Bill Robertson is happiest on the trail, in the Great Smokies’ backcountry, when there’s no one else around. He has hiked every trail in Great Smoky Mountains National Park, exploring its interior over the course of nearly two decades since moving back to Greenville, S.C., where he grew up, after years in California and Lake Tahoe.
He bought a trail map, he says, and “I’d take my green highlighter” and highlight all the trails he hiked with the Natural History Hiking Club or with his significant other, hiking/photography partner Lynne Scoggins. As time passed, he noticed he was highlighting a lot of trails, and so he decided to see if he could cover all of them. About four years ago, he did.
“It took me about 2,200 miles to do them,” he says, “and there’s only about 900 miles” in the park, many of which he had to retrace time and time again to reach trails deeper in the park. “It’s really a maze of trails.”
While the last stretch of trail he completed was about a mile long, out to the old schoolhouse, accompanied by friends with a picnic and party favors, most are more strenuous.
“I think the longest day hike we did was about 25 miles,” he remembers, describing early mornings and late nights, getting back to the car past dark, home past midnight. “Once you get several miles back in on a trail, you don’t see a soul. You kind of imagine yourself as one of the old pioneers.”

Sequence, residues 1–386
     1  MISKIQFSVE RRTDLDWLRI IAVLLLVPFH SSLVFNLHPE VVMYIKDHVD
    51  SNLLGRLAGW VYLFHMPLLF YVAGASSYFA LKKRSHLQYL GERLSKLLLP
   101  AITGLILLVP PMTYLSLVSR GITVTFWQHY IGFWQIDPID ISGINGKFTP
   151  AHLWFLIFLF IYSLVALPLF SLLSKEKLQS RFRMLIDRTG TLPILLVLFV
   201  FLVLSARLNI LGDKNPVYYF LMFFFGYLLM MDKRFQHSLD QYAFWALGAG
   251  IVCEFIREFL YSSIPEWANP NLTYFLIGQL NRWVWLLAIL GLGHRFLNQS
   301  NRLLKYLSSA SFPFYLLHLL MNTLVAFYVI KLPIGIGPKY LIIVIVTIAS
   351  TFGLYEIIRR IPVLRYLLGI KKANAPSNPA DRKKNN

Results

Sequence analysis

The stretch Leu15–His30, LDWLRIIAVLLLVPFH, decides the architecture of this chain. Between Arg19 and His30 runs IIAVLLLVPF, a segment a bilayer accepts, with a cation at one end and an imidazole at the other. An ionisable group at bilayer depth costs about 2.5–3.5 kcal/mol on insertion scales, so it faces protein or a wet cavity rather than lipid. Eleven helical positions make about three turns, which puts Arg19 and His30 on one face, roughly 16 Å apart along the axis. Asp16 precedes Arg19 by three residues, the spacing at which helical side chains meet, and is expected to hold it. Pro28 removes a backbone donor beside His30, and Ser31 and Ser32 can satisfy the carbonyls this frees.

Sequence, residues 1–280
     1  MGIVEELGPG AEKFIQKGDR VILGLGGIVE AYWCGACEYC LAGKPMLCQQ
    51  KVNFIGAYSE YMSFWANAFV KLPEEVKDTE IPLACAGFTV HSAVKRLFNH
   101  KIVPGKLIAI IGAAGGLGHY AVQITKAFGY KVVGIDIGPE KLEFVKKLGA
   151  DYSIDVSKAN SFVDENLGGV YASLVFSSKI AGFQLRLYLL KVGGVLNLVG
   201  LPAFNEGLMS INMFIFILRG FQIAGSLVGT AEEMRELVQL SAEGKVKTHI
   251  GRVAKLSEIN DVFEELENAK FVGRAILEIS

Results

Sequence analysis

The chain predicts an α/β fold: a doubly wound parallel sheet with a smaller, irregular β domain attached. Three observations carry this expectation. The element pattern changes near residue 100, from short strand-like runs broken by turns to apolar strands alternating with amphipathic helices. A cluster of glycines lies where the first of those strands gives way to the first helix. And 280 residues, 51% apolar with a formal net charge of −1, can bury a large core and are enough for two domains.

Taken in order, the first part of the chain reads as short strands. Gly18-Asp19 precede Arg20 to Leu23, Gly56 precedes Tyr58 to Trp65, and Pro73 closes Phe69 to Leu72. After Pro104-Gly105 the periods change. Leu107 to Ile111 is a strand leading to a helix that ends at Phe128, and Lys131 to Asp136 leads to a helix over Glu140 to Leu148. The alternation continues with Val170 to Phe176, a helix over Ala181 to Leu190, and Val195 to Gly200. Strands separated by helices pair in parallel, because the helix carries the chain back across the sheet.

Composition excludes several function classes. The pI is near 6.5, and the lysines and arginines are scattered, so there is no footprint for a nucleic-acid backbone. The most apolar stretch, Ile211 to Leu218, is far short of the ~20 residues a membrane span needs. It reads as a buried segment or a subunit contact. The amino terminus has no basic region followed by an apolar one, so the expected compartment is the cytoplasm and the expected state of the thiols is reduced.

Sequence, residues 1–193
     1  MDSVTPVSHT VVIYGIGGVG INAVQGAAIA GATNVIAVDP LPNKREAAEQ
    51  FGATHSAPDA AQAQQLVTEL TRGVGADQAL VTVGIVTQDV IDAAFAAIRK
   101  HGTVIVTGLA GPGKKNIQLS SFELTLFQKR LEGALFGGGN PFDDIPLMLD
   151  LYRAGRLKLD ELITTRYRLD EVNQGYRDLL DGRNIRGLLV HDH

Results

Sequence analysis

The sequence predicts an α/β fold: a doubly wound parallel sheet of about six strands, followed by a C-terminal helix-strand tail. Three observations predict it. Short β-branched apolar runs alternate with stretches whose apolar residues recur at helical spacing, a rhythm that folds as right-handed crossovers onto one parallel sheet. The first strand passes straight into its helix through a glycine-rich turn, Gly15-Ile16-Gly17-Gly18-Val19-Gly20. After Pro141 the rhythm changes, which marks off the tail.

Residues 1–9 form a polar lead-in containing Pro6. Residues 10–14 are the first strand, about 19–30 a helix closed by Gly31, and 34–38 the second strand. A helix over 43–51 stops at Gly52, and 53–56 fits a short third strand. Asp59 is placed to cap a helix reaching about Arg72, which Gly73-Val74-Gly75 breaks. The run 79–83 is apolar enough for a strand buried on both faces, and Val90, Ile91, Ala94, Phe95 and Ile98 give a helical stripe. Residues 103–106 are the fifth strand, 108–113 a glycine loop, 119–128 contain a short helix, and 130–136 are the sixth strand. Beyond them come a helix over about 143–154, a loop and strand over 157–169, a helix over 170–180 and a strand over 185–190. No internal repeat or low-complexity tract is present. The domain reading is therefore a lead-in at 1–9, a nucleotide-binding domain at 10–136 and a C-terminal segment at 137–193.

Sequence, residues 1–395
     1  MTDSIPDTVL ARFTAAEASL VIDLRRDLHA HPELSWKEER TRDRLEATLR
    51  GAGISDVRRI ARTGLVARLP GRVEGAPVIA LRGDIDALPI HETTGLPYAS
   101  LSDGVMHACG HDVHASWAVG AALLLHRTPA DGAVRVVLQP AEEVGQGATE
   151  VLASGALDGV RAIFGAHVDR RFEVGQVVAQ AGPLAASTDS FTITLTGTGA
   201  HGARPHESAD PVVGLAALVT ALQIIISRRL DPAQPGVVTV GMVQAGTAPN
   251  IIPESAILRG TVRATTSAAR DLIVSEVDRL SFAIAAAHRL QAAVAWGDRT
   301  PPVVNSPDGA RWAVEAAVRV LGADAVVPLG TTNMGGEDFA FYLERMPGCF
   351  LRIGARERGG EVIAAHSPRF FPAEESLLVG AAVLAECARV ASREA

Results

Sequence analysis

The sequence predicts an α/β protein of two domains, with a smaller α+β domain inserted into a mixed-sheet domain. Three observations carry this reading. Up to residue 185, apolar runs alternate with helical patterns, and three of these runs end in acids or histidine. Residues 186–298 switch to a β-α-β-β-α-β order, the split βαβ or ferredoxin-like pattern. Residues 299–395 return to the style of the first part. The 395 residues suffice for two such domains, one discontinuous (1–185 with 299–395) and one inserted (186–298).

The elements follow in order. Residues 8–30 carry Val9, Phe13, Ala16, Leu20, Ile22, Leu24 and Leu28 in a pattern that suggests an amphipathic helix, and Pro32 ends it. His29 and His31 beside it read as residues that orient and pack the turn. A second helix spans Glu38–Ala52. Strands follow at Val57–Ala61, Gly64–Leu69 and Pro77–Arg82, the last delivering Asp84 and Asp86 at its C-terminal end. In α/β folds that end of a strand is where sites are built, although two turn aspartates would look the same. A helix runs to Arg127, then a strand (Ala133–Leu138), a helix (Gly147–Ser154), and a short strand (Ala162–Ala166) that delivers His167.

Robertson loves and photographs the waterfalls, the wildlife, “the flowers, the trees, the rocky trails, the streams… I’ve run into, I don’t know, 12, 15 bears over time.”
But “the beauty of the park,” he says is also in “the remnants of the past, the settlers, how they must have struggled.”
Two favorite hikes for photography are places where human history and the natural world coexist. First, Porters Creek at Greenbrier Day Use Area: “That’s loaded with flowers, and remnants of old logging steam engines [along Grapeyard Ridge Trail]...
“Tremont is also a beautiful photography hike,” he says. “All kinds of trails that lead you up to the Appalachian Trail; there’s a roaring creek, there’s waterfalls, there’s flowers, there’s old cars” and more logging remnants.Ramsey Cascade he loves to photograph too, “a very beautiful waterfall along a tumbling creek.”
But many of the hikes Robertson takes are too long and too difficult to take along camera, tripod and a bag of lenses, so those he enjoys without the click of the shutter (and it’s a real shutter, too – “I’m still 100 percent film”).
“I have two favorite [nonphotographic] hikes,” he says. “One of them was over by Fontana Lake, where we had to charter a boat.” The hike was along Eagle Creek Trail to the Spence Field Shelter, continuing a loop to Jenkins Ridge Trail and back by the Lakeshore Trail. The spring they trekked it, the water was high and he estimates they had more than 20 stream crossings. “It’s a steep, kick-your-butt trail, too.”